Deuteronomy 8 verses 2, 11, 14, 18, 19 have an antiphonal chorus that works between the seriousness of the command to remember and the devastation wrought by the tragedy of forgetting. Should his temporal blessings make them flatter themselves with a sense of independence, they are warned not to “forget the Lord your God” (11) and ignore his commandments. “Remember” challenges the mind to grasp the covenantal mercy of God with such conscientious commitment that nothing can drive a wedge of temporal delusion between the moral and spiritual mind of a person and the infinite power and mercy of divine provision. When Jesus established the symbol of the final, ultimate, perfect redemptive act, he commanded his followers, “Do this in remembrance of me” (Luke 22:19).
The theme of the 2024 Founders Conference surrounds Paul’s admonition, “Remember Jesus Christ, risen from the dead, out of the seed of David, according to my gospel.” God willing, and according to his enlightenment and strength, I want to discuss this sobering theme in a series of posts focusing on the biblical developments of “remember.” The word points to events that are both pivotal and central. Not only do they give a swift alteration of direction for humanity, but they rise to a culmination and a subsequent response in thought and deed. The flow of the entire biblical text presses forward to this command, “Remember Jesus Christ.” It summarizes every other call to remember. I intend also to describe historical manifestations of the loss (forgetting) and recovery (remembering) of this culminating event in the history of redemption.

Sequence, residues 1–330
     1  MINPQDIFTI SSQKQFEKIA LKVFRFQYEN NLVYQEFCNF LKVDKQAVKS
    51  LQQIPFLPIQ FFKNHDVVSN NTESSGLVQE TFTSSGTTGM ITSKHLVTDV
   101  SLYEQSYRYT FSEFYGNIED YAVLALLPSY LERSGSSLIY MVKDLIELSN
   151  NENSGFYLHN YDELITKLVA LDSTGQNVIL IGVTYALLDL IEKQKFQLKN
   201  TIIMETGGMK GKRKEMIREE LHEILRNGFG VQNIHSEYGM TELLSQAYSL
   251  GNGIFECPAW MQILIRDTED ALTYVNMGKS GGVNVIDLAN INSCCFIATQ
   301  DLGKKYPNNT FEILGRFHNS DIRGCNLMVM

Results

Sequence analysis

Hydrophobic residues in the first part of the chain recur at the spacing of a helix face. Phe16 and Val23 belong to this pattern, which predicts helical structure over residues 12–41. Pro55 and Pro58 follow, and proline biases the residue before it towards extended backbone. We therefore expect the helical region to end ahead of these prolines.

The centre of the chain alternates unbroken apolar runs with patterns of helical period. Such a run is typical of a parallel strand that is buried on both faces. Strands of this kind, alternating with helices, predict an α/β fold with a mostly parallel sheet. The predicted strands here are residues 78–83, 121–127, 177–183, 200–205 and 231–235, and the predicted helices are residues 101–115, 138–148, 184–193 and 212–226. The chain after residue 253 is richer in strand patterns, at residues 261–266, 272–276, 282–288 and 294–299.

“Remember” calls to mind central admonitions in the history of God’s revelation of redemptive power to his people. The command is not for a mere mental recall of an event or a casual reminder of a person’s name or status. It is a critical summons to put an event or person or commitment so at the center of your concern that the weight of its importance transforms your thinking. When the thief said to Jesus, “Remember me when you come into your kingdom,” (Luke 23:42) he wanted to be taken personally by Jesus into that status of perfect, sinless, beneficent rulership. Jesus responded with an answer commensurate with the purpose of the request, “Truly I say to you, this day with me you will be in paradise” (Luke 23:44). “As surely as my work of atonement will bring me into the glory of heaven in the presence of the Father, so it will do for you.” The request of the crucified thief was for Jesus’ personal investment in the eternal well-being of his mind, body, and soul—”Remember.”
“Remember the Sabbath day, to keep it holy” (Exodus 20:8), involves more than simple mental recall, but an investment of life in the rhythm of divine labor. As God worked for six days in creation, so should these redeemed people labor for six days at life-sustaining tasks that deserved their energy. As God had finished creation and then rested, so were the people rescued from relentless labor in Egypt to embrace a sabbath as instituted and practiced by God on the seventh day. All the animals, each member of the family, all the nation would so esteem the glory of the Creator/Redeemer/Covenant God that their lives individually and corporately would be defined by it. “Remember Jesus Christ” has that same claim on the lives of his redeemed ones but with an even greater intensity in light of an even more powerful delivery.